A bar in Uptown New Orleans and a local Mardi Gras krewe have been reprimanded by the city for violating COVID-19 guidelines and putting New Orleanians in danger.
A photo that circulated on social media showed the Monkey Hill Bar packed with patrons standing close together last Saturday night. Most of the guests were not wearing masks.
New Orleans Director of Communications Beau Tidwell said in a Tuesday press briefing that the city over the weekend received several complaints against the bar about patrons not wearing masks, poor social distancing, occupancy violations, and the bar serving past 11 p.m., the current cut-off time for alcohol sales.
Tidwell said Monkey Hill has received a formal written warning.
Monkey Hill management said in a statement that the bar was booked for a private event with 40 guests, in compliance of the city’s 25 percent capacity guidelines, but that the attendance quickly grew.
"Saturday night was unfortunate,” the statement said. “… We have taken this very seriously and are putting in more stringent policies and procedures to ensure that this does not happen again at Monkey Hill Bar."
Tidwell said the city is working with the bar’s ownership on a plan “to allow them to move forward.”
Meanwhile, Mystic Krewe of Nyx hosted its annual ball in Biloxi, Miss. Large gatherings with people from different households have been temporarily banned in New Orleans, and no such restriction is in place in Biloxi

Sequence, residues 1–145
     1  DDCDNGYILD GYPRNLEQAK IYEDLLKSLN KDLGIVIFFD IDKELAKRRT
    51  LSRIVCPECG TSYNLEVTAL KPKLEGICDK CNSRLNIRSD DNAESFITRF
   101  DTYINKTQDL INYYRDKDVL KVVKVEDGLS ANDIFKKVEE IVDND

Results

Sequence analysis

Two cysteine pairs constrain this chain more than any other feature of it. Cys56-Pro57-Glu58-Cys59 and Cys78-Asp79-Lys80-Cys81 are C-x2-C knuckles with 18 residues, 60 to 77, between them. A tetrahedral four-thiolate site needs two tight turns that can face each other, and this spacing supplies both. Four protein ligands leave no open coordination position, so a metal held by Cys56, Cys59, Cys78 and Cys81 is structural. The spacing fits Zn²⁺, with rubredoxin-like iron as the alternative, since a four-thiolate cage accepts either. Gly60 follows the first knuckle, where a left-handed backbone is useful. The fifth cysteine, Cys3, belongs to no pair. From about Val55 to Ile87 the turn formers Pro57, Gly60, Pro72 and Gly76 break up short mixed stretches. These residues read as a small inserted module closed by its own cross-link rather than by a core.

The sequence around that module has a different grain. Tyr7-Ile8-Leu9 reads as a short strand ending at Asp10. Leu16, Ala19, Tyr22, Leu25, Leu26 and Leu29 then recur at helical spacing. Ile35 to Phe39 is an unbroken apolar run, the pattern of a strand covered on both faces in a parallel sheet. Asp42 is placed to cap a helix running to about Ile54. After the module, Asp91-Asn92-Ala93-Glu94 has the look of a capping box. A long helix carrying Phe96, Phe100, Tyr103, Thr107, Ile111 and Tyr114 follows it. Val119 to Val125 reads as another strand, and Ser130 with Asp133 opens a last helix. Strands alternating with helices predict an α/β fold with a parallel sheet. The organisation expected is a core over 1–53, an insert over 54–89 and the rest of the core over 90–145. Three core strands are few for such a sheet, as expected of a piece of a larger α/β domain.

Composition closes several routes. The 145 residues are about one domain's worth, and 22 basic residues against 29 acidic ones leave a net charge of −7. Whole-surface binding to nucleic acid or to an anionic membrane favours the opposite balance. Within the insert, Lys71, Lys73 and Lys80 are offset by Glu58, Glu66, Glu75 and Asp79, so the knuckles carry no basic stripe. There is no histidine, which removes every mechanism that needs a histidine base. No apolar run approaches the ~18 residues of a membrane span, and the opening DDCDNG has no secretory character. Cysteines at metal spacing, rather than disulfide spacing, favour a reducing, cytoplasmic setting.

Reports said the event was booked for roughly 50 people and that tables at the IP Hotel and Casino were spaced 6 feet apart. Some photos from the ball show attendees without masks on.
Tidwell pointed out that while the event was held in another state, attendees were “New Orleans people and it was a New Orleans organization.”
“Our krewes are meant to be service organizations. This sort of activity does a disservice to the public health,” Tidwell said.
The city is recommending that everyone who was at the ball quarantine themselves for 10 days, the CDC recommended time for people to quarantine when exposed to COVID-19. Tidwell said it will be weeks before we know if the event has become a super spreader.
Nyx leader Julie Lea was at the center of a controversy over the summer when, shortly after the killing of George Floyd, she posted a picture on the krewe’s Instagram story of a black child holding the face of a white child with the caption, “Our souls are the same color.” Lea added the hashtag #ALLLIVESMATTER — a phrase used in opposition of the Black Lives Matter movement.
Lea later apologized. Fellow krewe members protested and called for her to step down, but she refused. In 2020 the all women organization claimed it was the largest parading krewe in New Orleans History. But after the controversy several members and officers left in outrage.